Guideline: Management of Drug-Resistant Tuberculosis » Management Of Patients With Mono- and Poly-Drug Resistant TB



6.1. Introduction


Patients with mono- and poly-drug resistant strains of M. tuberculosis are not classified as MDR- TB or XDR-TB. Mono-resistance is defined as resistance to a single first-line anti-TB drug, while poly-drug resistance is resistance to two or more anti-tuberculosis drugs other than both rifampicin and isoniazid.


Routine testing for mono- and poly-drug resistant TB in all TB patients is not recommended as the majority of patients with mono- or poly-drug resistant TB will be cured with standard first-line chemotherapy.


6.2. Treatment of Patients with Mono- and Poly-Drug Resistant TB


With the exception of streptomycin, definite randomised or controlled clinical trials have not been conducted to determine the best treatment options for various types of drug resistance. Recommendations are based on evidence from the pre-rifampicin era, observational studies, general principles of microbiology and therapeutics in TB, extrapolation from anecdotal evidence and expert opinion.


The design of regimens for mono- and poly-drug resistant TB requires experience and should be done under supervision of the provincial DR-TB clinical review committees. The treatment history, DST pattern and the possibility of strains of M. tuberculosis having acquired additional resistance should be considered before deciding on an appropriate regimen.         


Some of the specific issues that should be considered when designing an appropriate regimen are described below.


6.2.1. Timing of DST Results



Because of the inevitable delay in culture and DST, the DST result that prompts a change in treatment may not accurately reflect the bacterial population at the time it is reported as it reflects the bacterial population at the time that the sputum specimen was collected.  The treatment regimens for mono- and poly-drug resistant TB assume that the pattern of drug resistance has not changed during this interval and should not be used if further resistance to any of the drugs is suspected.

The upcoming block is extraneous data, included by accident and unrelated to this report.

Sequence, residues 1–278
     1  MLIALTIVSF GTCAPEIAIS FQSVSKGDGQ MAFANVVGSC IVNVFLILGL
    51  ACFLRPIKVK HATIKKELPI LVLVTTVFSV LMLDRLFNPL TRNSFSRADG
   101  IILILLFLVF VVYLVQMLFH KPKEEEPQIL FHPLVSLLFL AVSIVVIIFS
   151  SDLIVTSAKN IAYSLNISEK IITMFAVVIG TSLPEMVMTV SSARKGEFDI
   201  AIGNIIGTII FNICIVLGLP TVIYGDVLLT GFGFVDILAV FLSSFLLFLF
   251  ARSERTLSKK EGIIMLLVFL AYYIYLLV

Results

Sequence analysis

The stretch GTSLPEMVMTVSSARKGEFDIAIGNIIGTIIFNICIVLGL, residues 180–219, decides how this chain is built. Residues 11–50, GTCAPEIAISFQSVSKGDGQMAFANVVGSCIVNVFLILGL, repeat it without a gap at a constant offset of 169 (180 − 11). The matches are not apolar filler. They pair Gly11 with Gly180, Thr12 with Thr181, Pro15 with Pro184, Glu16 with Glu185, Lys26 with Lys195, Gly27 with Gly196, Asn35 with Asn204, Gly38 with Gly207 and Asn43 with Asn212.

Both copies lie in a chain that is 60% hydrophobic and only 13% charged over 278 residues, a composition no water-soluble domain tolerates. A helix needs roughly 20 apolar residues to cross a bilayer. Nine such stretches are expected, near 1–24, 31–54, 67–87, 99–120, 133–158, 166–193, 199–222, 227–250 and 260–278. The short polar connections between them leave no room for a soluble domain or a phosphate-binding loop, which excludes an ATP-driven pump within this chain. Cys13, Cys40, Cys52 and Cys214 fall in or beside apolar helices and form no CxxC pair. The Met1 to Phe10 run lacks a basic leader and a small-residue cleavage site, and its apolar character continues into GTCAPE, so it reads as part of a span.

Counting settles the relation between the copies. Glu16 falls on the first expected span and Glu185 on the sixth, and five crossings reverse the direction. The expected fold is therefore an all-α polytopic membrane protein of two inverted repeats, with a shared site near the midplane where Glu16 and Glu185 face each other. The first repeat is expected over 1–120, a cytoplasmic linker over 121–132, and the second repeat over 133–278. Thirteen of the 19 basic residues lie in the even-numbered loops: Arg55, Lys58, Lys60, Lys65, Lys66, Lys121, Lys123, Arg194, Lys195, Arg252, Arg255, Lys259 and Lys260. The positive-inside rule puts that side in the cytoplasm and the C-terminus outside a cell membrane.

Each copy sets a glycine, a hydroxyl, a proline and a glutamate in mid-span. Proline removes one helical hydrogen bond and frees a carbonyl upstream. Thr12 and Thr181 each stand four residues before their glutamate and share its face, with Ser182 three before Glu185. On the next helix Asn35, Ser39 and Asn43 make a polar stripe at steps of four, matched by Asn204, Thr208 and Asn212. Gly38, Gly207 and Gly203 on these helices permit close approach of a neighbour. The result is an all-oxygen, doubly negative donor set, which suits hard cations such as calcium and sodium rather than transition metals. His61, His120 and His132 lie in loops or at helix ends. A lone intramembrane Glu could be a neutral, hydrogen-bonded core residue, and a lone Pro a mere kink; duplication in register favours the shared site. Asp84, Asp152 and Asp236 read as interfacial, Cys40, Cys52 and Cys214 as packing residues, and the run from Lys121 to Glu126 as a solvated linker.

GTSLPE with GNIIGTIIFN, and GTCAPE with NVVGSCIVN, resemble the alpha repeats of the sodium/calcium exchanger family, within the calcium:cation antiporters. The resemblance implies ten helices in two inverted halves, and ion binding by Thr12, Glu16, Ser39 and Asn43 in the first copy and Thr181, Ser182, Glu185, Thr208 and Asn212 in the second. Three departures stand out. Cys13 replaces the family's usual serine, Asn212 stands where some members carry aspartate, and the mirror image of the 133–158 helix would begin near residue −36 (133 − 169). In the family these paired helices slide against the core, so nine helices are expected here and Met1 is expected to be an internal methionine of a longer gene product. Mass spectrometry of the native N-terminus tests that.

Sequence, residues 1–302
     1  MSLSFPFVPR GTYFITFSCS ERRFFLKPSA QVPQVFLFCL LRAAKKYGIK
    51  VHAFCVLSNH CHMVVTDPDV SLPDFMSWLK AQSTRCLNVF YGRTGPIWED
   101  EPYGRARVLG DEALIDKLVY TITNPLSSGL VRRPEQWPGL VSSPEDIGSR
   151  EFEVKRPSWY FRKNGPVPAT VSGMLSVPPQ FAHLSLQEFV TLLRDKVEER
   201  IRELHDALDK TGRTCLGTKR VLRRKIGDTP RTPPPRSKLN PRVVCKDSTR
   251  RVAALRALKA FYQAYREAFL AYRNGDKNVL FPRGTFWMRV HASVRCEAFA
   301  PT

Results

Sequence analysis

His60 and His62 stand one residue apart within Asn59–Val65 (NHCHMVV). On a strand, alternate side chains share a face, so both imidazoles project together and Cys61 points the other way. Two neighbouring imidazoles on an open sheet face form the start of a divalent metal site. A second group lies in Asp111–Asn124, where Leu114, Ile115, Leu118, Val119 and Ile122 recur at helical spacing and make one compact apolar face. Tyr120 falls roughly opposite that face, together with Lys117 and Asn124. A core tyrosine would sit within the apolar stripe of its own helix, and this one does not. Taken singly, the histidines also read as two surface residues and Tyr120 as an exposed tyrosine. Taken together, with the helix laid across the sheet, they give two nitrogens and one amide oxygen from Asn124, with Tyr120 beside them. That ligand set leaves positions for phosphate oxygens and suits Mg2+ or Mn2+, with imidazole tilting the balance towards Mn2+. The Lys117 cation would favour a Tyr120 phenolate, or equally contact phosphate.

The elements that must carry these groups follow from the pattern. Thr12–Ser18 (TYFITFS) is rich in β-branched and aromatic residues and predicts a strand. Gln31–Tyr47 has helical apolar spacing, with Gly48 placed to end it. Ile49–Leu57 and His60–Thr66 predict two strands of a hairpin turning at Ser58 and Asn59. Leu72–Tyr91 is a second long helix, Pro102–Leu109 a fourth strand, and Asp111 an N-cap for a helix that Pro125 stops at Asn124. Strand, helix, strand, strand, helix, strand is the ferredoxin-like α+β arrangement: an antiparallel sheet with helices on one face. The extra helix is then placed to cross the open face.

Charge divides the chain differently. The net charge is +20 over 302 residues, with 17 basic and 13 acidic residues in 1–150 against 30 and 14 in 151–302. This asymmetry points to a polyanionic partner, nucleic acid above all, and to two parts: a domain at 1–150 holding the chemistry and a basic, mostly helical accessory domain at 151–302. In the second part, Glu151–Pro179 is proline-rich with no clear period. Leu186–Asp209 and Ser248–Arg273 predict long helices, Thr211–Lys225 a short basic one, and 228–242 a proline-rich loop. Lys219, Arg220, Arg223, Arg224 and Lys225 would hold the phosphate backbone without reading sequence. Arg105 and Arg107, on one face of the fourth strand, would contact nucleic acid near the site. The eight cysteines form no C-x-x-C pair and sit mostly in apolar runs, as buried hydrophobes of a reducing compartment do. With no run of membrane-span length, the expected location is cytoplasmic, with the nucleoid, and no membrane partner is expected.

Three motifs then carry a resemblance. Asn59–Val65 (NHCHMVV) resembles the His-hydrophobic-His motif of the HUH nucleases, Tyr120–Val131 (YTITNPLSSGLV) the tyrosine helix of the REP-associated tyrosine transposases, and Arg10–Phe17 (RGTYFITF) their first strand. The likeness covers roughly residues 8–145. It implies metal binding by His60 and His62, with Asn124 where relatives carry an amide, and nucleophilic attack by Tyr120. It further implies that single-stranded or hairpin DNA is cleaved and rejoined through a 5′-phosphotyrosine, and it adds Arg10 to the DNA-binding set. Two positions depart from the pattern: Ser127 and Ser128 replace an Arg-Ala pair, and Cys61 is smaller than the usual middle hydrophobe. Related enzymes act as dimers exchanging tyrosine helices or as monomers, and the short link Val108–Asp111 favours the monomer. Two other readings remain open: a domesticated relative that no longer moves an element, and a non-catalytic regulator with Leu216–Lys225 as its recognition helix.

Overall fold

6.2.2. Use of Pyrazinamide DST Results


DST results for pyrazinamide are unreliable and resistance to pyrazinamide should be assumed depending on the prior treatment history; in this case an alternative regimen should be used. However, pyrazinamide should be considered for inclusion in the regimen in certain circumstances as a considerable proportion of patients could still harbour pyrazinamide susceptible strains.


6.2.3. Development of Further Resistance


Further resistance should be suspected if the patient was on the functional equivalent of only one or two drugs for one month or more. For example, pyrazinamide is not regarded as a good companion drug to prevent resistance. If the patient was only receiving rifampicin and pyrazinamide (due to resistance to isoniazid and ethambutol), resistance to rifampicin may develop. Therefore, it is crucial to determine which functional drugs the patient received between the time of specimen collection and the time of initiation of the treatment regimen.


The regimens in Table XIII, which is a simplified table, are an adaptation of regimens suggested in the WHO guidelines.

All mono- and poly-drug resistant patients are to be recorded in the DR-TB register. All provinces that are still keeping them in the drug-susceptible register should put systems in place to address this matter.

Patients that are mono-drug resistant to rifampicin must be recorded as MDR-TB ‘not confirmed’.

Mono- and poly-drug resistant TB patients should be followed using:

  • TB microscopy  and TB culture every month during intensive phase until TB culture conversion.
  • TB microscopy and culture monthly during continuation phase
  • DST (repeated) if unsatisfactory clinical and biological progress after 3-4 months of treatment.